Since my accident I have been unable to work. Because I was unable to work, I earned no income, and the truck that I used to earn my livelihood was repossessed. I presently live on my disability payments, which amount to approximately $2,000.00 per month. I am 61 years old. My wife, who is 61 years of age, is also disabled and cannot work. She receives approximately $234.00 per month in disability payments. Each month we use all of our combined disability payments to pay outstanding bills. We also put an average of $200 $300 per month on credit cards, on which we are making minimum payments. We have no disposable income․ I could not afford to maintain this case if it were in a Wisconsin court.
In addition, Murphy asserts that even though driving to Wisconsin might be an affordable way for him to travel, his injury prevents him from sitting in a position of limited mobility for more than one hour; that although medication reduces the pain, it impairs his ability to drive; and that Murphy's wife cannot drive because of her injuries and disabilities.3
Despite Murphy's contention that he would effectively be deprived of his day in court if the forum selection clause was enforced, the district court rejected Murphy's argument. Although the district court acknowledged that “trial in Wisconsin would cause inconvenience and expense for his witnesses,” and that Murphy's “back injury makes traveling difficult,” the district court did not accept Murphy's assertion by affidavit that he could not travel. The district court did not discuss Murphy's submission of evidence that Murphy's financial situation would prevent him from litigating in a Wisconsin court and did not accept as true Murphy's assertion by affidavit that his disability even prohibited him from driving or sitting in a vehicle en route to Wisconsin. Under the standard that we adopt today, the district court erred by not accepting Murphy's testimony as true, given that there was no evidentiary hearing to resolve disputed facts.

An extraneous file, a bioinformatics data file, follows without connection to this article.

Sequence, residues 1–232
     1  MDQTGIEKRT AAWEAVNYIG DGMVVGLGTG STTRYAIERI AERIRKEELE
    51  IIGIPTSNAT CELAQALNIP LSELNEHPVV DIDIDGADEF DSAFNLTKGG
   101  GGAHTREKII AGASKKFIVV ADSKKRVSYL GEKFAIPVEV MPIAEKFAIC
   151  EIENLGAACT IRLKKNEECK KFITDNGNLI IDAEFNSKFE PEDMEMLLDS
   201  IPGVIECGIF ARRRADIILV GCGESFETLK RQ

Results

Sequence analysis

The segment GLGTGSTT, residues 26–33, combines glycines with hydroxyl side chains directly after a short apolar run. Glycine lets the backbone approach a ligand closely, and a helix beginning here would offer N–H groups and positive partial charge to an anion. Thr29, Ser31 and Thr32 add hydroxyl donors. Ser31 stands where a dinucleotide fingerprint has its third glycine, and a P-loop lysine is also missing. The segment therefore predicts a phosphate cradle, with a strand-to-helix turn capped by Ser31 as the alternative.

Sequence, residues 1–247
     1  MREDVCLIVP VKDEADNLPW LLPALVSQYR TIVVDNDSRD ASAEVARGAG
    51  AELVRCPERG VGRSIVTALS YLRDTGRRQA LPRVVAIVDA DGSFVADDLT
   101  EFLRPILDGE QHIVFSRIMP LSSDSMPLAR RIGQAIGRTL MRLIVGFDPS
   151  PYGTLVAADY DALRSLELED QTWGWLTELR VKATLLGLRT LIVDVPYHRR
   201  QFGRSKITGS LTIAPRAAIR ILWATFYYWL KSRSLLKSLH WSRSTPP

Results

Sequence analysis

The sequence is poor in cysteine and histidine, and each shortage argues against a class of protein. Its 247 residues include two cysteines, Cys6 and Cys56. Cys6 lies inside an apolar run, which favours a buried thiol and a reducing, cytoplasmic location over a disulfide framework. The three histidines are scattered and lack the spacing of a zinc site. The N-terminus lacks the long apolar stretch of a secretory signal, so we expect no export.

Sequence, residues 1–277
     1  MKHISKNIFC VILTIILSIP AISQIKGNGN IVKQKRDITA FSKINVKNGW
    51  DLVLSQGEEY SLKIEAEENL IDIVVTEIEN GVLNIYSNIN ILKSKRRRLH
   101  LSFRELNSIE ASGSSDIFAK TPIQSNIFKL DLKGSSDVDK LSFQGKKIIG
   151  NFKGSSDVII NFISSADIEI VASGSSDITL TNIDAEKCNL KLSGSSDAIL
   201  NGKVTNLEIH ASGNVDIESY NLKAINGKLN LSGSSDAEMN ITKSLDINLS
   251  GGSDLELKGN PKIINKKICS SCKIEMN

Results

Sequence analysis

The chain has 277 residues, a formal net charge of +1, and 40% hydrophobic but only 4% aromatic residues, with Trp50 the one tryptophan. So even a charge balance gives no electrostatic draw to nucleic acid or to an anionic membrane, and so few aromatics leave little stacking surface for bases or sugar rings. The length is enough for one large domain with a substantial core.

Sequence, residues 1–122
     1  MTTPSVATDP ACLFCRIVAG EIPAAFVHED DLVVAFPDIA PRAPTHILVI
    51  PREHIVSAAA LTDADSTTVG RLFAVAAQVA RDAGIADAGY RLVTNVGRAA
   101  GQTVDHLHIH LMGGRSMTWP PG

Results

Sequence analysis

Second, the district court dismissed the hardships alleged by Murphy, concluding that “the hardships faced by the [the plaintiffs in Walker v. Carnival Cruise Lines, 63 F.Supp.2d 1083 (N.D.Cal.1999) ] were considerably greater than those facing Mr. Murphy.” In Walker, where the plaintiffs sued Carnival Cruise lines under the Americans with Disabilities Act, the district court enforced the forum selection clause contained in the passenger ticket contract. 63 F.Supp.2d at 1090. The analogy to Walker is inapposite under the rule we have adopted: If Murphy's affidavit is taken as true, he is precluded from litigating in Wisconsin, regardless whether his disability is less severe than those that existed in Walker.
Taking Murphy's allegations as true and resolving all disputed facts in his favor, the combination of Murphy's alleged financial troubles and physical limitations would bar him from litigating his claim in Wisconsin. It does not matter at the Rule 12(b)(3) motion stage that there are contrary facts submitted by the moving party. Absent an evidentiary hearing to resolve the factual contest, the Rule 12(b)(3) motion should have been denied. Without holding a hearing to resolve disputed facts, the district court had to accept Murphy's sworn factual assertions as true. When these assertions are credited as true, Murphy's physical and financial limitations together would preclude his day in court, and the second Bremen exception to enforcing forum selection clauses would apply. We vacate the district court's judgment on this issue and remand for further proceedings, including an evidentiary hearing if warranted.4